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Evidence for elevated and variable atmospheric oxygen in the Precambrian
Oxygen concentration in the Precambrian atmosphere-ocean system is currently estimated from a series of geochemical proxies that depend on the concentration of redox-sensitive trace elements or their isotopic ratios measured in organic-bearing marine shales. This research has indicated that atmospheric oxygen content throughout the Precambrian was very low,<0.01% of the present atmospheric level (PAL;<0.002% O2). However, a rise in oxygen, known as the Great Oxygenation Event (GOE), is thought to have occurred around 2400 to 2300 Ma. Here we combine the results from two independent methods to estimate atmospheric oxygen concentrations during the Precambrian. Firstly, measurement of oxygen concentrations in sedimentary halite and ooids at four times – around 800, 1440, 2000 and 2660 Ma. Secondly, measurement of the Se/Co ratio in 2,037 sedimentary pyrite grains from 310 black shale samples spread throughout the Precambrian. By combining these two approaches we have derived the following relationship:
Atmospheric O2% = 30 × P/(1+P)
where P = 10[0.85 × log(Se/Co) + 0.07,r2]; r2 = 0.85
The oxygen curve revealed by this relationship suggests a broad first-order trend of increasing oxygen of ∼0.25 to 27% from 3500 to 1850 Ma, followed by a general decrease to around ∼1.0% at ∼1000 Ma, with a spike around 1400 Ma. Oxygen then rose gradually through the Ediacaran to reach a maximum of 20 to 29% in the early Cambrian. Detailed analysis of sedimentary pyrite in sixteen separate black shale formations, spaced throughout the Precambrian, demonstrates consistent results using the marine pyrite proxy, with standard deviations of the predicted oxygen for each formation of between 0.4 and 7%. In seven formations, we show that each formation demonstrates an increase in oxygen passing up stratigraphy from the base of the black shale facies toward the top.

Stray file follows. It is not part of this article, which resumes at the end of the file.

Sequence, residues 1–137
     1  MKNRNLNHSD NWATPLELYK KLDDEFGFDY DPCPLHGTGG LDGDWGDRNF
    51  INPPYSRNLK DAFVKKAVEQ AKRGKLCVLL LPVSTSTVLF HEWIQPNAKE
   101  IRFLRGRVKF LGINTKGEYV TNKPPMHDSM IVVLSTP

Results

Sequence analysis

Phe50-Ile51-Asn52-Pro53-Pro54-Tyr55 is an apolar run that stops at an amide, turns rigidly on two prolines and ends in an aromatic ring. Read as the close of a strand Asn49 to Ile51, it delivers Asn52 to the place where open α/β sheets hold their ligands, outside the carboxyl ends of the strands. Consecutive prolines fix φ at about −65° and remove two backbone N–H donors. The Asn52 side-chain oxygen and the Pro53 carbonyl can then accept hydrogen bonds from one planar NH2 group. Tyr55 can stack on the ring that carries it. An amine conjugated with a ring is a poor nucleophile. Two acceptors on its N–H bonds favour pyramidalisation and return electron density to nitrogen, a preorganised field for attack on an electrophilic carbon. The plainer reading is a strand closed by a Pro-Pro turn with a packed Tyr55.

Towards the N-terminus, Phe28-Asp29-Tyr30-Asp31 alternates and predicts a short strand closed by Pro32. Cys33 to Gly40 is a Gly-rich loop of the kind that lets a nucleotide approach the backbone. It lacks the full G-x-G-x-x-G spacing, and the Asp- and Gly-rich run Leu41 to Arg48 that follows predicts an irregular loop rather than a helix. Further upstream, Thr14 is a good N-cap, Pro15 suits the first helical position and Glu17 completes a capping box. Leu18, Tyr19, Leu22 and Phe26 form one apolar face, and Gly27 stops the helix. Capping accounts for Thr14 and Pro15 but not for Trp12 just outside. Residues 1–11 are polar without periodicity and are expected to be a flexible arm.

Publication titlePrecambrian Research
Department/SchoolSchool of Natural Sciences
PublisherElsevier Science Bv
Place of publicationPo Box 211, Amsterdam, Netherlands, 1000 Ae
Rights statementCrown Copyright © 2020 Published by Elsevier B.V. All rights reserved.